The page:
Thousands of Americans face surgery each year, often with fear and doubts about whether the right step is being taken. And not knowing what's involved may mean putting yourself through as much grief as the procedure intends to do away with. Whether you are undergoing surgery for the first time or the tenth, understanding why you need it, the risks involved, available alternative treatments, and the aftereffects will help you make the right decisions and deal effectively with the outcome.
The Value of a Second Opinion--Is Surgery Necessary?
The practice of medicine is not an exact science and, consequently, physicians do not always agree. This does not mean they are incompetent or unconcerned about their patients' well-being. It simply means there can be differences of opinion about the best way to treat a medical condition. A second opinion is a time-honored practice in the medical profession that public health authorities believe better enables people to weigh the benefits and risks of surgery against possible alternatives to surgery.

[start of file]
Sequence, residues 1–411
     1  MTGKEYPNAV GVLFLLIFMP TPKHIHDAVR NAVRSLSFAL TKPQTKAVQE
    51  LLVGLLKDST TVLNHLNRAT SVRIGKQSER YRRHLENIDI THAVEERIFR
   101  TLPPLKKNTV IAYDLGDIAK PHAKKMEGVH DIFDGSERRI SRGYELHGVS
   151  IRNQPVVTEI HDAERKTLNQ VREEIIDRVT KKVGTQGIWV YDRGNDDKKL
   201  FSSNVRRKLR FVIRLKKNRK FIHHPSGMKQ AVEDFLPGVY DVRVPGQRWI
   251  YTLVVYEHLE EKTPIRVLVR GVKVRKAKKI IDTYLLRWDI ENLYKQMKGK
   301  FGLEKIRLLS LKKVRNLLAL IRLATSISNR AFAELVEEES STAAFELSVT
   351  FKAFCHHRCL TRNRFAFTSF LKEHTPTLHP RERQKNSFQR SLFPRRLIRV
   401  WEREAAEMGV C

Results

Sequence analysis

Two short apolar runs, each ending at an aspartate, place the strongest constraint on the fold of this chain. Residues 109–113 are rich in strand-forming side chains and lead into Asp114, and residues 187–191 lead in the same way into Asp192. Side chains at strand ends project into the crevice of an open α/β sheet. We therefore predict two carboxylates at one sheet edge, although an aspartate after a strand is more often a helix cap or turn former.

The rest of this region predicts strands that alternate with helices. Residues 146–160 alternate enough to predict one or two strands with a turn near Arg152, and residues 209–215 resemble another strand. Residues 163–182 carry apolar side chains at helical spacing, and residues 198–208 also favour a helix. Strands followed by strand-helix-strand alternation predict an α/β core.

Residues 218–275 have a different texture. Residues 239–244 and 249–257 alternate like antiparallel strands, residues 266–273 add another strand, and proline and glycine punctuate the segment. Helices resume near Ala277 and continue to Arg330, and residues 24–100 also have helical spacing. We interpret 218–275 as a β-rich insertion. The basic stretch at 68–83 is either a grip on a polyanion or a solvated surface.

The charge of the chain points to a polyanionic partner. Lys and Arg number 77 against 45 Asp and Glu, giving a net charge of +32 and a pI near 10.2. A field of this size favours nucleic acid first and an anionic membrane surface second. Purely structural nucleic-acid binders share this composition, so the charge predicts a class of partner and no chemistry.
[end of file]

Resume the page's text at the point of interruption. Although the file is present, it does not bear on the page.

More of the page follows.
In the case of a middle-aged patient with gallstones, for example, Betsy Ballard, M.D., a surgeon in Silver Spring, Md., explains that the initial recommendation for surgery might be made based on the premise that someone that age would not be satisfied with spending remaining years on the strict diet needed to manage the disease. There also might be the danger of a recurrence or complications, such as pancreatitis, if the dietary restrictions did not successfully treat the disease. A second opinion, however, might reveal that the patient for whom surgery poses a risk or who refuses surgery would be a candidate for medicines or other procedures that can dissolve gallstones. In either case, a second opinion helps the patient make an informed decision about the best treatment for his or her condition.
Arno Albert Roscher, M.D., a clinical professor of pathology who specializes in diagnosing cancer at the Granada Hills Community Hospital in California, says that, like patients, health professionals often find it necessary to seek additional viewpoints as well. For example, some forms of cancer pose controversy for even the most skilled professionals in the field.